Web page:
Green Belt land is cheap. So cheap that at some point along the way, every developer has come across a Green Belt site and had the thought, “if only I could get planning permission… ”.
If you know the feeling and want to find out whether it is possible to develop Green Belt land, read on. If you’re a developer or land agent and have no idea what I’m talking about, you really ought to read on. This article is the first of a three-part series about the Green Belt. Tune in next week for a list of councils that have recently released Green Belt land for development.
Broadly speaking, there are two kinds of developers:
Most developers see the Green Belt as a gross inconvenience. But attitudes are changing. Given the growing demand for housing around cities, some councils are finding themselves in situations where promoting greenbelt land is the only way they can meet their housing needs. This has created a new market in the industry; the strategic land market.
Developers made proposals for 35,000 homes in the Green Belt in 2017
Developers across the country are strategically seeking out land in and around the Green Belt with a long-term view. Applications to build an additional 35,000 homes on Green Belt land were submitted last year, taking the total number proposed for construction on protected land to a record 460,000 (Source: The Guardian). They scout out land based on its future potential rather than its immediate payoff. The sites they choose are often greenfield (and sometimes Green Belt) sites at the edge of growing settlements. As the need for housing grows, the argument for land promotion strengthens. They then guide their site through the planning process. Once planning permission is granted they either develop the site themselves or sell it on the market. Given the low cost of land, the payoffs are huge.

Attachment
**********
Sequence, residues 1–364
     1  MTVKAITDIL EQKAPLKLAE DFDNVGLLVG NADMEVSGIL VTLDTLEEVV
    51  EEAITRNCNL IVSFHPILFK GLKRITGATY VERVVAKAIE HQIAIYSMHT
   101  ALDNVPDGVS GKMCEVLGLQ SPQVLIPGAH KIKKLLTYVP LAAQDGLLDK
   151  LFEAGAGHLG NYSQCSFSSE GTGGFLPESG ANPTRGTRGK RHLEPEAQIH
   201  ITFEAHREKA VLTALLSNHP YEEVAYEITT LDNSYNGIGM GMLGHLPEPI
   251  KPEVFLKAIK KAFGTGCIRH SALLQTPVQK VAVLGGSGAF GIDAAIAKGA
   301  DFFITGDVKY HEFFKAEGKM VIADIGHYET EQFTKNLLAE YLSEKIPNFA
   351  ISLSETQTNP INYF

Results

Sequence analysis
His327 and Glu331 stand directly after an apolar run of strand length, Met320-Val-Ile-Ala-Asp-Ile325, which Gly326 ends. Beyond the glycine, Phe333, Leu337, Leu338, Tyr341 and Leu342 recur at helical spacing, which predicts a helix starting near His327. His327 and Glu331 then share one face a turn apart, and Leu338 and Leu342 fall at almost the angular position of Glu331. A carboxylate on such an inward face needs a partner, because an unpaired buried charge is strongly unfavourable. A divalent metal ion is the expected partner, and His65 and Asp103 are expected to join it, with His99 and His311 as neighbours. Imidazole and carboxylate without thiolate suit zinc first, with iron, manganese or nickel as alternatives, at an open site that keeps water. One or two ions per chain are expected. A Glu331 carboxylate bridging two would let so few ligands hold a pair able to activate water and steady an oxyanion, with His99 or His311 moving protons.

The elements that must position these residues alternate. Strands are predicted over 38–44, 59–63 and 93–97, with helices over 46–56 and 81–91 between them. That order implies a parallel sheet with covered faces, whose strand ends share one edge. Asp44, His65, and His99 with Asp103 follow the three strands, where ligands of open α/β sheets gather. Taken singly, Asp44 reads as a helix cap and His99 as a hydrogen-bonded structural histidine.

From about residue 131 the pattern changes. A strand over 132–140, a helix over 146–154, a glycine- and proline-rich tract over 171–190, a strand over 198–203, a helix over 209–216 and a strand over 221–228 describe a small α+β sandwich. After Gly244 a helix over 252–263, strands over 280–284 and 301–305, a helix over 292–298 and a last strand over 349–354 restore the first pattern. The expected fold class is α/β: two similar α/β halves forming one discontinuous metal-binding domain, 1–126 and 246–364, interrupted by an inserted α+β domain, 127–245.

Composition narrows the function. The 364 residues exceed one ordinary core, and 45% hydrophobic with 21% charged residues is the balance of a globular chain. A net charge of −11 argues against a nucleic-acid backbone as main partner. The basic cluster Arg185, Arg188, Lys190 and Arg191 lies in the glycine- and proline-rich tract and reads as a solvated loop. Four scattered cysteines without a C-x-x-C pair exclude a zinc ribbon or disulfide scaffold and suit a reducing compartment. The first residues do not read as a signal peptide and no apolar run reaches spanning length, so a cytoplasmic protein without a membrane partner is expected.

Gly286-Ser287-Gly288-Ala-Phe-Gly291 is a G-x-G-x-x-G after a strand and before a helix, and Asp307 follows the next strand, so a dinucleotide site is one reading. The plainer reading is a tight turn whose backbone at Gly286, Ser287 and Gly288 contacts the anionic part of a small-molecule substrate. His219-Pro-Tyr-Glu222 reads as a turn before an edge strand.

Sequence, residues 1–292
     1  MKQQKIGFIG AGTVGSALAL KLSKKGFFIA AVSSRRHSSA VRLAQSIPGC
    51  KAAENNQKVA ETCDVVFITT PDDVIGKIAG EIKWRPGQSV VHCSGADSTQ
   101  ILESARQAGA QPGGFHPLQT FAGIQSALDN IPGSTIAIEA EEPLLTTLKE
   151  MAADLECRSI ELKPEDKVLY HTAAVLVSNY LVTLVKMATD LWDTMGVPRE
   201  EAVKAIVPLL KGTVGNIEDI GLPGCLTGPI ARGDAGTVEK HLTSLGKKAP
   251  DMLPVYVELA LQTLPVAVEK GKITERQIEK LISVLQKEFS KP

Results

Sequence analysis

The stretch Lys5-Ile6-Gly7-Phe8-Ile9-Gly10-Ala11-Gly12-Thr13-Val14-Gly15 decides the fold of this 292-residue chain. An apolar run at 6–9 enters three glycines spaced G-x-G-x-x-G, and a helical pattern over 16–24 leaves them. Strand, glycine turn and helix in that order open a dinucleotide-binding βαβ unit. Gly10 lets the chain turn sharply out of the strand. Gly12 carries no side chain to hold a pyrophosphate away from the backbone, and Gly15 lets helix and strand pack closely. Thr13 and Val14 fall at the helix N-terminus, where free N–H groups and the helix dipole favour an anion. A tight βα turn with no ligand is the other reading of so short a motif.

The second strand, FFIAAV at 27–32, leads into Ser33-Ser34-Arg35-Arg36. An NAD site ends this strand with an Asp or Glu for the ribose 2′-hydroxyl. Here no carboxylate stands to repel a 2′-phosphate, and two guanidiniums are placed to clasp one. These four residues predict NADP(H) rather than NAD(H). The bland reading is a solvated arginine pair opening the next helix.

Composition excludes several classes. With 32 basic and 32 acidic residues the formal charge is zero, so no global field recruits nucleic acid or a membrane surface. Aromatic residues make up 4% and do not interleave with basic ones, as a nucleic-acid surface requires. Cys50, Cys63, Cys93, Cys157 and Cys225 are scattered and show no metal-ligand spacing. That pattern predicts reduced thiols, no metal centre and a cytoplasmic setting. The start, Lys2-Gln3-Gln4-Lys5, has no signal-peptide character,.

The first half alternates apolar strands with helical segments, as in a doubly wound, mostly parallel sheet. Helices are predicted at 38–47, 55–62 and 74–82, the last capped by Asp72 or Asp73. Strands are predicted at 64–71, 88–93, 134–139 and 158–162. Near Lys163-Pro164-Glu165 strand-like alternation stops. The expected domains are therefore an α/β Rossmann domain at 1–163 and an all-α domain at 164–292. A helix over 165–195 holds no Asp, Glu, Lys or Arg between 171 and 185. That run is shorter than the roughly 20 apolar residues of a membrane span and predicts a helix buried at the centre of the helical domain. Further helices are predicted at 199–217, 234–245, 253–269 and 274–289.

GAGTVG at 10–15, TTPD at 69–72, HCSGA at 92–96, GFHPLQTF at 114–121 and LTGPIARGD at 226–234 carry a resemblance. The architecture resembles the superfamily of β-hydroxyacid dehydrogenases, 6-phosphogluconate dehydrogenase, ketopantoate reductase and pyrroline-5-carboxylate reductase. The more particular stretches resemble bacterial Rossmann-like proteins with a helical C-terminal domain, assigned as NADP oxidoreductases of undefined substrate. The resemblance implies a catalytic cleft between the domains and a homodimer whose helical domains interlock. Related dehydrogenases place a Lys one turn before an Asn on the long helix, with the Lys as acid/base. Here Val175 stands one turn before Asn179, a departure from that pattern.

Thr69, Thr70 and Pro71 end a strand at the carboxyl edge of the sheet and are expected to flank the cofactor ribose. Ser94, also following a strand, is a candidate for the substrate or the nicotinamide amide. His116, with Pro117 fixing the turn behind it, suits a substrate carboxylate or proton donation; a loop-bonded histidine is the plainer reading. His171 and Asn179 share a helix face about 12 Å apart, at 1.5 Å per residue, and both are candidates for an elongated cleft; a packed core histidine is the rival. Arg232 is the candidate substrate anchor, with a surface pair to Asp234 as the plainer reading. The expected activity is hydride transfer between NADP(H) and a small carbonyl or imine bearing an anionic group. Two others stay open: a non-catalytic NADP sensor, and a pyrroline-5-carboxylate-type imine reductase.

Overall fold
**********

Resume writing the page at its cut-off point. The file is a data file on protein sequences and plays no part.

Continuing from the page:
Before we get into the thick of it, let’s get the jargon out of the way. You’ll need to know these industry terms if you want to navigate the Green Belt and find high margin sites.
Why would I want to develop on the Green Belt?
Green Belt land is cheap. To give you an idea how cheap, lets take a concrete example. This 15 acre site in Epping has a guide price of £145,000 pounds. That’s works out at 22 pence/sqft. The market value for residential land for that area is £570/sqft! Why? I hear you ask. It’s cheap because of the strong building restrictions. If a developer is able to get planning permission to build on land bought at Green Belt prices, they’ll be minted.
England’s Green Belt spans 1,634,700 hectares. That’s 13% of England’s total land area. The two largest areas account for almost two thirds of the total area of Green Belt land between them.The Metropolitan Green Belt (London area) accounts for 31% of all Green Belt land. And the Green Belt surrounding Liverpool, Manchester and West Yorkshire account for another 31%. (Source: Ministry of Housing) Both of these areas are growing rapidly and severely stressed for housing.
Local planning authorities are extremely cautious about their Green Belt areas and if there is brownfield or greenfield land available that could potentially fulfil the development requirements, they will not grant permission to build on the Green Belt.
In cases where councils aren’t on track to fulfil their 5 year housing targets, developers can make arguments for Green Belt land to be released, especially if those developments can’t be built on existing greenfield or brownfield land. However, this process of promoting the land takes a long time and is expensive. Land promoters take a 5-10 year view when they take on a site for promotion. There has been a sharp rise in such applications in the past years and several councils are now reviewing their Green Belt allocation as a whole.
In cases where councils aren’t on track to fulfil their 5 year housing targets, developers can make strong arguments for Green Belt land to be released.